Pulitzer Prize–winning investigative journalist Humes (Door to Door: The Magnificent, Maddening, Mysterious World of Transportation, 2016, etc.) once again exposes a flawed American criminal justice system, this time with a new twist.
The twist involves a woman convicted of starting a fire that killed three young children in her family home. Jo Ann Parks remains in a California prison after 28 years, not yet exonerated even though the author mounts a strong case for her innocence. Humes builds on this single case to indict law enforcement officers, prosecutors, judges, jurors, and others involved in the process of convicting innocent men and women. Wrongful convictions for arson are especially egregious: If a fire starts accidentally instead of being intentionally set, no crime even occurred. The author clearly explains how traditionally trained arson investigators rely on “fire science,” which is not necessarily reliably scientific. However, in the Parks case and others, investigators often fall back on past training even if it has been discredited. In a number of asides, Humes documents instances of “junk science” accepted as evidence: bite marks, footprints, hair analysis, and the formerly “foolproof” analysis of fingerprints. Regarding the Parks case, the author eloquently explains how nonarson factors such as Parks’ unusual demeanor after the deaths of her children and her low social status influenced those involved in her conviction. The heroes of the book are the lawyers and law students affiliated with the California Innocence Project who agreed to study Parks’ claim of innocence. Their efforts to persuade prosecutors and judges that the arson conviction should be overturned initially led to hope, followed by crushing disappointment. Parks and her now-deceased husband are not sympathetic characters in real life, adding an amount of tension to a slight twinge of doubt that readers will experience while taking in the author’s copious evidence of innocence.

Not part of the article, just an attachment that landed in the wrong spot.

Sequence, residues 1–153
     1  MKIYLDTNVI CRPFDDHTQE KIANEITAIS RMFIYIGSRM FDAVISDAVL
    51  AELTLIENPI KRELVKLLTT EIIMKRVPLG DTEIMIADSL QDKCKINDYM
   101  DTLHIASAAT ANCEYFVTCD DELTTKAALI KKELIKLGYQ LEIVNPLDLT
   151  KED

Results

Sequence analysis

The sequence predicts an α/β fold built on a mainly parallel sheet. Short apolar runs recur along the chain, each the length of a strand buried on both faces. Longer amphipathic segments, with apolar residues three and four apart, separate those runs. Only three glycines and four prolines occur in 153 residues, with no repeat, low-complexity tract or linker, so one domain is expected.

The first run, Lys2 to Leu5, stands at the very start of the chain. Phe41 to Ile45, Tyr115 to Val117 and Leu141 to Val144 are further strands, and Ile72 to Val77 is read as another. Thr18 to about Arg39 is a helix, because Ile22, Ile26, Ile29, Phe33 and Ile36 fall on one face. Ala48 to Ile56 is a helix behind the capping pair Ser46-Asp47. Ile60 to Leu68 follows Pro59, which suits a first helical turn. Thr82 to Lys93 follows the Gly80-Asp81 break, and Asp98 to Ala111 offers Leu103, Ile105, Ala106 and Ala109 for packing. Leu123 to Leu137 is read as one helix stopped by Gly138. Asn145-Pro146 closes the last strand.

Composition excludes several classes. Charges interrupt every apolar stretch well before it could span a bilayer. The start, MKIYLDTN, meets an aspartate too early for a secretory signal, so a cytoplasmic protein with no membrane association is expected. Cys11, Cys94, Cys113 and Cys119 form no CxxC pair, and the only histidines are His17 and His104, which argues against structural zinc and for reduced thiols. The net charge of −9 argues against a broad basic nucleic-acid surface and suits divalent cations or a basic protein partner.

A useful addition to the popular literature on forensic science.